The headline isn’t a mistake nor a figure of speech.
Swedish tenor Jussi Björling is one of my favourite singers. As a child, it was his recordings of the great arias and duets that I usually encountered first, often spoiling me for any other singer. In addition to his unparalleled operatic output he created a wonderful body of song performances, often songs from Scandanavia that I’ve never heard sung by anyone else.
The immortal voice came from a mortal. I came to discover his pluses and minuses –as with any artist—as I grew up. While the tone was stunningly beautiful, I heard critiques suggesting that he was better on record than in person given his limitations as an actor. Sometimes his pronunciation showed an accent (for example the Italian word “ciel” often sounded like “shell” rather than “chell”), even though this was a singer who performed in many languages (the CD includes the usual German, French and Italian, but also Swedish and Norwegian). Note that he sang in a transitional period, when many regional houses still sang everything in the local language (for example, he had learned Tamino in Swedish and never learned it in German because it wasn’t a role he sang internationally), whereas by the time of his retirement most operas were being done in the original language. He had a habit of sometimes singing higher notes a fraction of a tone sharp, an effect that I found exciting even if it’s not strictly accurate, and bothers some listeners.
And he died in 1960.
How then can I properly appreciate the magical gift of a newly discovered performance, released for the first time in 2016? October 15th 1959 was the date of Björling’s recital in Falkoner Centret Concert Hall, Copenhagen, one of the first events in a brand-new facility. The precious tape of this concert was recently discovered, restored, and now has been released fifty-seven years later for the first time in cooperation with Jussi Björling societies in Sweden, UK and America. While the recording includes a twenty-four page booklet, the song texts aren’t included but can be found instead on the website of the Swedish Jussi Björling Society with translations (although a couple are missing, possibly because there were late changes in the CD). The recording concludes with a bonus Voice of Firestone broadcast from 1952, an additional seventeen minutes or so, pushing the total to over sixty-seven minutes in total (the Copenhagen recital comprising almost fifty minutes).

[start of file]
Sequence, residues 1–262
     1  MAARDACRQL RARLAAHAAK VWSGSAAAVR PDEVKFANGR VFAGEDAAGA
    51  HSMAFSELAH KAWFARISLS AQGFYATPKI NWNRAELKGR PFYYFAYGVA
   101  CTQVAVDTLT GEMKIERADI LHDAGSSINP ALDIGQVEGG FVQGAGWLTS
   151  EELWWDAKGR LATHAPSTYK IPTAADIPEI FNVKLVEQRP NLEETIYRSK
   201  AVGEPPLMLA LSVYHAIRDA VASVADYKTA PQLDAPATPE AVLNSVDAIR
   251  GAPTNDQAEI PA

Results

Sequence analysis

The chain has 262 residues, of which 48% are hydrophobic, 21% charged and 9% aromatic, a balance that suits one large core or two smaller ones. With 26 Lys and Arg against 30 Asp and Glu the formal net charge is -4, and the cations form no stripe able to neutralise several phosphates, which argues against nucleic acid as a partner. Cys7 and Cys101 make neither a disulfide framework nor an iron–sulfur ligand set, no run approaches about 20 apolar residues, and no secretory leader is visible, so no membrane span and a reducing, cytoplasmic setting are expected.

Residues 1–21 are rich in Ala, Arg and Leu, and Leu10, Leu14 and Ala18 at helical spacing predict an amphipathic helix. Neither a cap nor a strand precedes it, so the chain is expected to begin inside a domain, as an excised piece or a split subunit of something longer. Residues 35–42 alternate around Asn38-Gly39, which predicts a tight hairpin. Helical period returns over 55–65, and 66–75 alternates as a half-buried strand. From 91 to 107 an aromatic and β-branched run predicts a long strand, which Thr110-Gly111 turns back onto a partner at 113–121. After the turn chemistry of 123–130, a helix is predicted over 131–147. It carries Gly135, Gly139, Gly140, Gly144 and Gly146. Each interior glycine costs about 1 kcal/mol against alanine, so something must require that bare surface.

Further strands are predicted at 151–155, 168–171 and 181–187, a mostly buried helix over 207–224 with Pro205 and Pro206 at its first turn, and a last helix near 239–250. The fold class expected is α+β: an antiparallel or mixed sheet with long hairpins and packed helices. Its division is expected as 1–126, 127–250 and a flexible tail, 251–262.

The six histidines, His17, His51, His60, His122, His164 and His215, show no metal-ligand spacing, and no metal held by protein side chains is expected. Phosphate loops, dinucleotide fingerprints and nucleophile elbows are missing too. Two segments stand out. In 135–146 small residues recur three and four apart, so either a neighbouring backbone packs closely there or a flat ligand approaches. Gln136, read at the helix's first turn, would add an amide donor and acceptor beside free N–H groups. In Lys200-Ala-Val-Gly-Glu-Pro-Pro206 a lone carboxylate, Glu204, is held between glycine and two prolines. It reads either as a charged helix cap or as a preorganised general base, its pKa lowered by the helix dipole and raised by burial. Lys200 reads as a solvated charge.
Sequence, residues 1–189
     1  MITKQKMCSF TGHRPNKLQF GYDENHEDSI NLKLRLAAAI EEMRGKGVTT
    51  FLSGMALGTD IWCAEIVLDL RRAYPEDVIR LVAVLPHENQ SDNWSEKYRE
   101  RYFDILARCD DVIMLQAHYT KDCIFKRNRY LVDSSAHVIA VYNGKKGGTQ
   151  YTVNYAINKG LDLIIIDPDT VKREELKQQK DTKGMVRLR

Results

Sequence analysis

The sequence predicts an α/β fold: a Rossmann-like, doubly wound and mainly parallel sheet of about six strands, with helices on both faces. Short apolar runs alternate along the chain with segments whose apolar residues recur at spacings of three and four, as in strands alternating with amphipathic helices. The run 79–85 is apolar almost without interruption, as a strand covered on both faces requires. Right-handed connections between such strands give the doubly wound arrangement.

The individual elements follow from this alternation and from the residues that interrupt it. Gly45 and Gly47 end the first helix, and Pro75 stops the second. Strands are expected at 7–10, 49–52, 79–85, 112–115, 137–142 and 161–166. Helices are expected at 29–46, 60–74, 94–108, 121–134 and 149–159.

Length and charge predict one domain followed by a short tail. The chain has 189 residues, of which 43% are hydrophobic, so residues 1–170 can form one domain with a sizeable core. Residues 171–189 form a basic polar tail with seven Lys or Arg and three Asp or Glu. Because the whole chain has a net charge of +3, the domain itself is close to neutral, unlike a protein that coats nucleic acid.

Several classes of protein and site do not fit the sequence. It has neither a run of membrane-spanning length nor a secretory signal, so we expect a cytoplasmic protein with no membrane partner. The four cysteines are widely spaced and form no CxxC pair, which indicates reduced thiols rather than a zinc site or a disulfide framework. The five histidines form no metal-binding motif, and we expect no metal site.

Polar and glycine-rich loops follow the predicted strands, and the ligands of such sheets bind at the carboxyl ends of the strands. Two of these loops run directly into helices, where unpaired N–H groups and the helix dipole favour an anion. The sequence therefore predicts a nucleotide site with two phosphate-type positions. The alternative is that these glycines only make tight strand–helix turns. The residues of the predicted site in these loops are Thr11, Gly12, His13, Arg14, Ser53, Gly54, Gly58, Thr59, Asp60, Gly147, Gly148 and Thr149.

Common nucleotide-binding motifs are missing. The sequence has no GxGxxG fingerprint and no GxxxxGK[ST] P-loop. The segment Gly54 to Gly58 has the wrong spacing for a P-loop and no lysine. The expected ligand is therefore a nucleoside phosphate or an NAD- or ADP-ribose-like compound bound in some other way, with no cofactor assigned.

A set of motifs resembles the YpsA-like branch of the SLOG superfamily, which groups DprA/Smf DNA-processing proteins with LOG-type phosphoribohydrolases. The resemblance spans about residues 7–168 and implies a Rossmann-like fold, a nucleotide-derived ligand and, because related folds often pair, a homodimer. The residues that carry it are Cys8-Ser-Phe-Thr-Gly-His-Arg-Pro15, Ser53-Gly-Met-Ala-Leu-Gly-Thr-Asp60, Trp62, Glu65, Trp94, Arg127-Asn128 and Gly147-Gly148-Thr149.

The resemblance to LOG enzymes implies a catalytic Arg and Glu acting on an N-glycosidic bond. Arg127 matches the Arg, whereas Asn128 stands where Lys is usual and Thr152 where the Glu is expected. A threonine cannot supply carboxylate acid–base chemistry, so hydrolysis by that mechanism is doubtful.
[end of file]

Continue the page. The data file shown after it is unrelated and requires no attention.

Part of the booklet is the engineer’s explanation as to why these never came to light before: that both the broadcast recording (from 16” lacquer coated discs, exhibiting crackle and disc noise) and the Copenhagen recital recording (on reel-to-reel tape, including dropouts, low-end bumping (bias) noises plus audience coughs) were unserviceable without digital enhancements (NB the re-furbished Voice of Firestone broadcast has previously been made available on an Immortal Performances release of a 1941 Il Trovatore from the Met, and I think I’ve heard it before with its original rough sound).
Here’s the list of tracks on the CD:
The Copenhagen Oct 15th recital, Jussi Björling with Bertil Bokstedt piano: